KC Royals Projections: Carlos Hernandez steps up

(Photo by G Fiume/Getty Images)
(Photo by G Fiume/Getty Images) /

Welcome back to Kings of Kauffman’s KC Royals Projections series for 2022. Between now and Opening Day, our writers are analyzing how various Royals performed last season and predicting how they might fare this year. Today we consider Carlos Hernández.

Carlos Hernández didn’t break the franchise bank when he signed a $15,000 international free agent deal with the KC Royals in 2016.

Now, he seems headed for future paydays that will dwarf his first professional contract.

Hernández, 25 in March and a veteran of parts of five professional campaigns, began last season in the Kansas City bullpen, was the Opening Day winner in relief, joined the rotation after the All-Star Break, and then went 5-2 with a 3.55 ERA in 11 starts.

That record covered only half a season but constitutes the best body of work among regular Kansas City starters who finished the season with the club—Brad Keller and Mike Minor were both 8-12 with ERAs above 5.00, Kris Bubic went 5-6, 4.77 as a starter, Brady Singer lost twice as many games (10) as he won (five) and had a 4.91 ERA, and Daniel Lynch was 4-6, 5.69 in 15 starts.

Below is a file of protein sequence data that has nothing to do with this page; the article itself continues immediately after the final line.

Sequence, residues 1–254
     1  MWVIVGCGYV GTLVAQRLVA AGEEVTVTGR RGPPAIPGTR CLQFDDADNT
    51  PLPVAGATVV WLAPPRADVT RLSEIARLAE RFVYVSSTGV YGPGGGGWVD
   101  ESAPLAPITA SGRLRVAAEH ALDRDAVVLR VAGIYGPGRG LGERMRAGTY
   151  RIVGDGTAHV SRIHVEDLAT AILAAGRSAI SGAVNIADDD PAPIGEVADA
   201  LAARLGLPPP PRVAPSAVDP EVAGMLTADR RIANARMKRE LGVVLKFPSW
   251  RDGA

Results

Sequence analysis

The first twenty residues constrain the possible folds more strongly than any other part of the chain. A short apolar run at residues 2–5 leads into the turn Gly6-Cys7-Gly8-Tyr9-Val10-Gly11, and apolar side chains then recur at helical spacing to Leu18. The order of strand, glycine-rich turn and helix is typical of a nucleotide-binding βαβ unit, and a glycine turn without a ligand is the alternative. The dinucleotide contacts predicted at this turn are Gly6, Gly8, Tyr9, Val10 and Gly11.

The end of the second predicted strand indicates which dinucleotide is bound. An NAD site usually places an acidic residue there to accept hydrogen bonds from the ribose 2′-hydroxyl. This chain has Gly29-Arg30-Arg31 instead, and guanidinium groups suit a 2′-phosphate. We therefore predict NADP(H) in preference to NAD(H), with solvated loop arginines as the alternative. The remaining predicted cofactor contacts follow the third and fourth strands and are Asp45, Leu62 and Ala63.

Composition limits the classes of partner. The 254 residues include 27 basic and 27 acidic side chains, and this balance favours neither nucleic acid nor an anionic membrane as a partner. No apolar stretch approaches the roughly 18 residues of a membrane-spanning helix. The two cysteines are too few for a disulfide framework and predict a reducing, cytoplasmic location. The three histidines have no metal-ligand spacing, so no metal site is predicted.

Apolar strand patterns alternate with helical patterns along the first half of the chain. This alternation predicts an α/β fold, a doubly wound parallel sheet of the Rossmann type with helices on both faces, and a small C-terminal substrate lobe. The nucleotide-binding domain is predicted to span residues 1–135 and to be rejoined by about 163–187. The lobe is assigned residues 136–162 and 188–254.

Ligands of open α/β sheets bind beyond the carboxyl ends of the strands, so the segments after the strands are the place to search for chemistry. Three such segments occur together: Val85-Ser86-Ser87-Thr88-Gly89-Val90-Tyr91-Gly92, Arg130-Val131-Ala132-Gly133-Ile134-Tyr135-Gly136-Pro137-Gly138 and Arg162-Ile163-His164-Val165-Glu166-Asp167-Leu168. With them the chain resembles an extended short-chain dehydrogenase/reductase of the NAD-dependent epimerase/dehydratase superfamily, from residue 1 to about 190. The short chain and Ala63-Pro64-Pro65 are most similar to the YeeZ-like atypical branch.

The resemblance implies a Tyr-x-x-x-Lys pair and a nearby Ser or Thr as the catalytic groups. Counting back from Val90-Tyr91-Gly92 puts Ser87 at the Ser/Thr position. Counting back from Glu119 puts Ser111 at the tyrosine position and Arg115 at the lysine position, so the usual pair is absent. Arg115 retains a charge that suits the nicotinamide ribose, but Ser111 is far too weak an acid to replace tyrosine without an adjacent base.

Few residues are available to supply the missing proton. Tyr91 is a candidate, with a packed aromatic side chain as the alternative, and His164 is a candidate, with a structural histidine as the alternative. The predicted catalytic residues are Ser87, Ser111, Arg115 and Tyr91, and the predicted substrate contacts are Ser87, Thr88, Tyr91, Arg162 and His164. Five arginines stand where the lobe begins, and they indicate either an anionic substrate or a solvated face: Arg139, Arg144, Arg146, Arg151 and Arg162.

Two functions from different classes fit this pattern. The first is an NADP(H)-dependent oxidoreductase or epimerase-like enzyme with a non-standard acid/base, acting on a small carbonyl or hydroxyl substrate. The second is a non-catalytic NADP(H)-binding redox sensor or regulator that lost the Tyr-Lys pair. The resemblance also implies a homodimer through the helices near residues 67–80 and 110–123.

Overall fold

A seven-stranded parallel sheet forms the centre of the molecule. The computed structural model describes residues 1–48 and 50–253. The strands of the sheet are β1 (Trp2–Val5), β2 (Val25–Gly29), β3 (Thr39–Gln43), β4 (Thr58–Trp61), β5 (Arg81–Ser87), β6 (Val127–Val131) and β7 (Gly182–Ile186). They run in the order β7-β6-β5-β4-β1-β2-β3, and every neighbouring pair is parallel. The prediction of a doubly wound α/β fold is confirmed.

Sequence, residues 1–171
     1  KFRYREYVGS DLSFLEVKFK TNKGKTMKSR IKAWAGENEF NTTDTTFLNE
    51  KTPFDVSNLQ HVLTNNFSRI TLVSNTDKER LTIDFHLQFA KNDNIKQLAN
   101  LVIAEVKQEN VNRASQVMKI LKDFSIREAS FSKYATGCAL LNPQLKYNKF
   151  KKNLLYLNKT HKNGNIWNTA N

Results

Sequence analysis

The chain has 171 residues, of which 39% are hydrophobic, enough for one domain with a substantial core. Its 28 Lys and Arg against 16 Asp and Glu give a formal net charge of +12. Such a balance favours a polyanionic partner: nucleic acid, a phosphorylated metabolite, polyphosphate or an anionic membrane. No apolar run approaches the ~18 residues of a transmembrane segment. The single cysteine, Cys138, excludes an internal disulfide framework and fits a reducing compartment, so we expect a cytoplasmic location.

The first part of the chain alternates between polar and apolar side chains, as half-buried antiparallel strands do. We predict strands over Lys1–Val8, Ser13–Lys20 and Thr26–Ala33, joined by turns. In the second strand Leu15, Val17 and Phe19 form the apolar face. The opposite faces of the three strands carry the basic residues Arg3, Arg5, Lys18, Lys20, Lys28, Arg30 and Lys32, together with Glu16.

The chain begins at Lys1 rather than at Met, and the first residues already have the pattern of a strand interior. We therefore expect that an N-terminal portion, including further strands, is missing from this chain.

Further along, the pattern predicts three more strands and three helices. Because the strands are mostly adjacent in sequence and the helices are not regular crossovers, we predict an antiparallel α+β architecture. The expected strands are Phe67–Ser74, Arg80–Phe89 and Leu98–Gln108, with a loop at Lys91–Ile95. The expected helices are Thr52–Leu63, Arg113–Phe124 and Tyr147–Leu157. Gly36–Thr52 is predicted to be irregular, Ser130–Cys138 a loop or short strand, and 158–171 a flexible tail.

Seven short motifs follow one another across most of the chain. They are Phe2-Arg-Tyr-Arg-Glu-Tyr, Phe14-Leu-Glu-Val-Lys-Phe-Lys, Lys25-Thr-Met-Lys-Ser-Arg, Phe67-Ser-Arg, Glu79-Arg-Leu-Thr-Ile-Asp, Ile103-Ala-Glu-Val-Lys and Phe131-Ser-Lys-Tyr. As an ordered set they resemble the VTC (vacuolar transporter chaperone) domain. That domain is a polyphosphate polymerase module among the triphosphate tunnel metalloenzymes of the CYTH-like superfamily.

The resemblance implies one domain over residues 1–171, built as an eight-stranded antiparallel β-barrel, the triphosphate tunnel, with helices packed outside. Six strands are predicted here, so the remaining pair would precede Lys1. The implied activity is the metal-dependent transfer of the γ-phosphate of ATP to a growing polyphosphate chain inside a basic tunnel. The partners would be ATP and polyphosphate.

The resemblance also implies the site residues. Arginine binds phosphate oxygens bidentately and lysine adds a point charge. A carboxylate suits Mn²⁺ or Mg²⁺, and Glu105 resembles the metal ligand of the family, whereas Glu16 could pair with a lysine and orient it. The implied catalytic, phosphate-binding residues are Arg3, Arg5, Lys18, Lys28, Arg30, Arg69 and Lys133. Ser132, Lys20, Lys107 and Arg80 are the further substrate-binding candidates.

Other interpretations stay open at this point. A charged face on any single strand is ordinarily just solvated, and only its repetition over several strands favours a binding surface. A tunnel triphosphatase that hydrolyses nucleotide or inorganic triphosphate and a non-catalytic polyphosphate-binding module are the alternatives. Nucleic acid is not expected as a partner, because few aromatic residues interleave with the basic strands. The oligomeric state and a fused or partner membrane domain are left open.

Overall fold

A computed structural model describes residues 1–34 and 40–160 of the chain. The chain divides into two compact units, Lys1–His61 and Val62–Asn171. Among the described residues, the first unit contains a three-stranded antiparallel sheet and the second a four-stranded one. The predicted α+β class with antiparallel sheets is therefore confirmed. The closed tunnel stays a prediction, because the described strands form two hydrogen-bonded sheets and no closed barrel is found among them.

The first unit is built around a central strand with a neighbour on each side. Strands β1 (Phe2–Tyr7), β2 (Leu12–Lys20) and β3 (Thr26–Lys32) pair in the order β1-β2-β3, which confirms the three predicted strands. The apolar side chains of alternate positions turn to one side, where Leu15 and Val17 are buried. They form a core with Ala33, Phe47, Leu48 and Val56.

Although Hernández was a serviceable reliever (1-0, 3.95 ERA and 11.9 SO9 in 13 appearances), that he’ll start this season in the rotation is a given, especially considering the continuing inconsistency of the starters as a whole.

But can he be as good in 2022 as he was in 2021?

How Baseball Reference and FanGraphs project the KC Royals’ Carlos Hernández.

Baseball Reference projects Hernández finishing the 2022 season with a 5-4, 3.89 record, while FanGraphs (Depth Chart version) has him going 6-8, 4.81.

How will Carlos Hernández actually perform for the KC Royals this season?

If Hernández pitches as well as he did last season, he’ll become a staple of the club’s rotation and take a big step toward a lucrative future contract. (Under baseball’s current system, he’s arbitration-eligible after the 2023 campaign and can’t test free agency until after the 2026 campaign).

Hernández is, based on his 2021 effort, capable of 10-12 (and maybe as many as 15) wins. But to pitch that well, he’ll need to maintain his high-90’s four-seamer and keep the rest of his varied repertoire—curve, sinker, changeup and slider—sharp.

The Royals could, of course, occasionally use Hernández in relief (despite being by then a member of the rotation, he came out of the pen in late August and pitched 5.2 scoreless innings against Seattle).

Time short for Carlos Santana. dark. Next

Whatever his role turns out to be, expect a good 2022 from Carlos Hernández.